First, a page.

To those whose lives were spent in "the days of chivalry", horses, castles, and suits of armour – things they could feel and actually touch – represented wealth and value and were exclusively the subject of a law which concerned itself with the tort of conversion.
As these words suggest, during the early years of trover it was assumed that there could be no conversion of intangible property. The most significant historical development in terms of the subject-matter of the tort of conversion, which challenged this assumption, was the creation of the document fiction. There was a definite reluctance to recognise a chose in action as property capable of conversion in the early stages of trover's development. This reluctance stemmed largely from fears that allowing assignment of rights to recover property would be open to abuse. Indeed:
[i]n England in the Middle Ages the disorderly state of the country, the technicality of the common-law procedure, the expense of legal proceedings, and the ease with which jurors, sheriffs, and other ministers of justice could be corrupted or intimidated, made maintenance and kindred offences so crying an evil that it was necessary to prohibit sternly anything which could in the smallest degree foster them.
Conversion's origins in the action of trover also initially encouraged the limitation to tangible property. The reluctance of the courts to expand the tort may in part be attributed to the tort's deep and ancient roots in trover and the restrictive pleading requirements of that action. At the outset of the tort, only property that could potentially be lost and found could be converted. However, the requirements of losing and finding became recognised as a fiction in the case law at the turn of the seventeenth century, with the essence of the action being the act of conversion itself. Indeed, once these allegations were acknowledged as fictional, the scope of the action greatly increased. It is of note then, that when assignable choses in action were eventually developed in the seventeenth and eighteenth centuries, the courts created a further fiction to allow recovery in trover in respect of those choses. The document fiction treats the thing converted to be not the valuable chose in action, but the piece of paper which represents it, attributing to that piece of paper the value of the chose.
The document fiction was originally applied to negotiable instruments, which were later defined in the Bills of Exchange Act 1882 (UK). But the doctrine has since expanded its reach to cover non-negotiable documents evidencing a debt or obligation. In the 1818 case of Wills v Wells the Judge allowed a claim for conversion of a life insurance policy; while in 1858, in Watson v MacLean the document fiction was applied to a guarantee. The Court of Appeal in Bavins Junr and Sims v London and South Western Bank subsequently unanimously held that there could be a conversion of a non-negotiable instrument evidencing a debt and allowed recovery to the full value of the document. The current position, as outlined in Clerk and Lindsell on Torts, is that the document fiction encompasses "any document specially prepared in the course of business as evidence of a debt or obligation."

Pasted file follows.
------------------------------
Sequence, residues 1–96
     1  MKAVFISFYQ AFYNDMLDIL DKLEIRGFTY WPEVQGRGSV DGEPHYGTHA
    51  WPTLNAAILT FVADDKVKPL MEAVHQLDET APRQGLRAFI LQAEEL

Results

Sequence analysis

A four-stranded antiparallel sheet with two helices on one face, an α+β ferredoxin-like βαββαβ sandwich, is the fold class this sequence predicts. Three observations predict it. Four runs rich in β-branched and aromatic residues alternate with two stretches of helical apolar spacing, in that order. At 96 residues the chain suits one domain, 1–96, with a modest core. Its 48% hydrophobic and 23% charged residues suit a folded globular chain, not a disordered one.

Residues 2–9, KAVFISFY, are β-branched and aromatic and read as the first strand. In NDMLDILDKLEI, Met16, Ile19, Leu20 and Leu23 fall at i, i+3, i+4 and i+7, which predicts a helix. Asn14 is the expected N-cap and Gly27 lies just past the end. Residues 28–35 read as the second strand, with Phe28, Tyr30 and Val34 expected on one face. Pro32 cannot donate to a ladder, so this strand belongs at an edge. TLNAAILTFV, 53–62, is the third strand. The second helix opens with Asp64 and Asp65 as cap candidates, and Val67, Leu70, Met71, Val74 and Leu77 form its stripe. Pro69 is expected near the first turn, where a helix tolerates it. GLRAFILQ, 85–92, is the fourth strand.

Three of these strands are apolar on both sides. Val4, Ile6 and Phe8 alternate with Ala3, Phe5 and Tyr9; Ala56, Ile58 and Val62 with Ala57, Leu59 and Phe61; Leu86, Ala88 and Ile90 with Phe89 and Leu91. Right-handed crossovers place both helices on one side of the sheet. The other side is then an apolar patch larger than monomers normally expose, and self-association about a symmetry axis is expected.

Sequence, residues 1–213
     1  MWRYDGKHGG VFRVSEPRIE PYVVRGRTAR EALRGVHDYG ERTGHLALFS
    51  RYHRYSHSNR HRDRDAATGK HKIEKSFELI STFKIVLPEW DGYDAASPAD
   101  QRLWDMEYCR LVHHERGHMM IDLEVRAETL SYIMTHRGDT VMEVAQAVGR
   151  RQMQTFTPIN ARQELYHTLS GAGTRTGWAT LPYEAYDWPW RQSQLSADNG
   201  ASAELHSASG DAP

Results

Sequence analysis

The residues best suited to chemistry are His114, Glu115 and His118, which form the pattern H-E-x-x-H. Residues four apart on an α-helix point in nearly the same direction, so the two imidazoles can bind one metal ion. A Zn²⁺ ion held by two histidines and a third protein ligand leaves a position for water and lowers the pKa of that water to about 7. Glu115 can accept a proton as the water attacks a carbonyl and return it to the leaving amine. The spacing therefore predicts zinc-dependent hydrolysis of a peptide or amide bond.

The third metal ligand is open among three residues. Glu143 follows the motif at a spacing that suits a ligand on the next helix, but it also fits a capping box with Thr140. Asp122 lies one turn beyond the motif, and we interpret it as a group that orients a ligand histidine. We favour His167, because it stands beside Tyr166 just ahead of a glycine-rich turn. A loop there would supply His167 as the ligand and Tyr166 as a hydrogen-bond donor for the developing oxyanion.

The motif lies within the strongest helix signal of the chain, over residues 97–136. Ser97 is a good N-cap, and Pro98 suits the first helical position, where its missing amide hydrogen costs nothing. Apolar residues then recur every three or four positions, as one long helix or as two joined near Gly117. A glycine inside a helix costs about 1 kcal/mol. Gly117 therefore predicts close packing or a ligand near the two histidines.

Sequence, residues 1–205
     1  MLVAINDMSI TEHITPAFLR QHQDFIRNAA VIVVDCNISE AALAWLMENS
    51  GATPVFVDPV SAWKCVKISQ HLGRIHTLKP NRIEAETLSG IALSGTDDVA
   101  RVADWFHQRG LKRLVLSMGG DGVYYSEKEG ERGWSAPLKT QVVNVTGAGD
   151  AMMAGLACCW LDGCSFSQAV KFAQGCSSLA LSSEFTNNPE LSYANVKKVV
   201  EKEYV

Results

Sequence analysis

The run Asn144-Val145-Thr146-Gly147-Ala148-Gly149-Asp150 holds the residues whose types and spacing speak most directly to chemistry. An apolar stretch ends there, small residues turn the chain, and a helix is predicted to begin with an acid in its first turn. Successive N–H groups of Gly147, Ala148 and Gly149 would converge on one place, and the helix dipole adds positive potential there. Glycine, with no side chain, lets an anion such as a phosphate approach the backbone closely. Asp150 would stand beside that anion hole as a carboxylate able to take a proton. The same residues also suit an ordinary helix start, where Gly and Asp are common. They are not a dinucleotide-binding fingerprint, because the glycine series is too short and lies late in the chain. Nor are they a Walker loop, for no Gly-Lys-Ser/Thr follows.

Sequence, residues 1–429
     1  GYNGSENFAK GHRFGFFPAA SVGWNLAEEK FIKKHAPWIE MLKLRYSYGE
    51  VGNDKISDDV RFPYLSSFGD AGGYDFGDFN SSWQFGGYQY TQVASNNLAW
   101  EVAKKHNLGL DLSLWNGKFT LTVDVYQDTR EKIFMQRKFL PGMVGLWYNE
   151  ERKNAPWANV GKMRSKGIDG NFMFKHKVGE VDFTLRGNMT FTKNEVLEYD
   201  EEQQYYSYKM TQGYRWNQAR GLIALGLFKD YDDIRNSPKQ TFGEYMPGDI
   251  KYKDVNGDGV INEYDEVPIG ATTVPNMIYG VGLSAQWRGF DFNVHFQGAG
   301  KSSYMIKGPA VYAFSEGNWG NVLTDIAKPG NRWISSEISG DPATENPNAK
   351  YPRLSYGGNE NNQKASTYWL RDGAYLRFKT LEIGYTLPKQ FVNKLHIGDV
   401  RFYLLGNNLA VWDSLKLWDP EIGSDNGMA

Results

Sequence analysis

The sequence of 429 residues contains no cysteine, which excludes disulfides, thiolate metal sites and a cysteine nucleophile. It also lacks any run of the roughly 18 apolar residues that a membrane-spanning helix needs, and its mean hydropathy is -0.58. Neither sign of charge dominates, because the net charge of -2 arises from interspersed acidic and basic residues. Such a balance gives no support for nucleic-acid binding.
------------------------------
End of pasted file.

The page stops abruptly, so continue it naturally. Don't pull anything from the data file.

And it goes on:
For the sake of completeness, it is worth mentioning that the document fiction, as extended to all manner of documents evidencing an obligation, covers more than documents which themselves form title to goods. "Documents of title" are difficult to exhaustively define. At common law, the only document recognised as a document of title is a bill of lading. However, section 1 of the Factors Act 1889 (UK) extends the term to include:
Any bill of lading, dock warrant, warehouse keeper's certificate, and warrant or order for the delivery of goods, and any other document used in the ordinary course of business as proof of the possession or control of goods, or authorising or purporting to authorise, either by endorsement or by delivery, the possessor of the document to transfer or receive goods thereby represented.
Documents of title to goods, such as bills of lading, embody a right to control the goods, thereby giving constructive possession of the goods to the holder of the document. This right of control over the goods can be transferred by delivery, with any necessary endorsement. Since documents of title give the holder such extensive rights, the documents are in effect treated as the goods themselves. Therefore, if the document fiction purely covered documents of title, it is arguable that it would not be a fiction at all, for conversion of a document of title is for all practical purposes a conversion of the goods allied to the document. The case law and relevant commentary on the fiction contain no reference to the question of documents of title. The lack of attention paid to this point is peculiar. Nevertheless, the current position on the fiction, as noted above, appears to go further than coverage of documents of title.
The creation of the document fiction was a victory for the commercial world, marking a significant concession to the needs of commerce. However, it was criticised by Baroness Hale in OBG as being "at once too wide and too narrow". It is too wide in the sense that the debt or obligation embodied in the document may be personal, as opposed to proprietary, and therefore should not be afforded the protection of the tort of conversion. Conversely, it is too narrow as the fiction excludes debts or obligations which carry many of the characteristics of property, such as the ability to be alienated, pledged or assigned, but which are not represented by a specific document.